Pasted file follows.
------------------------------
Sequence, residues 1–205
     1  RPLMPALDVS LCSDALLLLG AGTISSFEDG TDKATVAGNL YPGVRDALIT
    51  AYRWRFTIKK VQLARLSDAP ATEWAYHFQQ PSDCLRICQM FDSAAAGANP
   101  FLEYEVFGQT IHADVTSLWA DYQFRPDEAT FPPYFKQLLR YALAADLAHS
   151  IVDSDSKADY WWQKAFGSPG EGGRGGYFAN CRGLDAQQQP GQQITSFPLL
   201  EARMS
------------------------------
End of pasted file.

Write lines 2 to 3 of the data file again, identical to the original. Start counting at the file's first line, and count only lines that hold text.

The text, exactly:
     1  RPLMPALDVS LCSDALLLLG AGTISSFEDG TDKATVAGNL YPGVRDALIT
    51  AYRWRFTIKK VQLARLSDAP ATEWAYHFQQ PSDCLRICQM FDSAAAGANP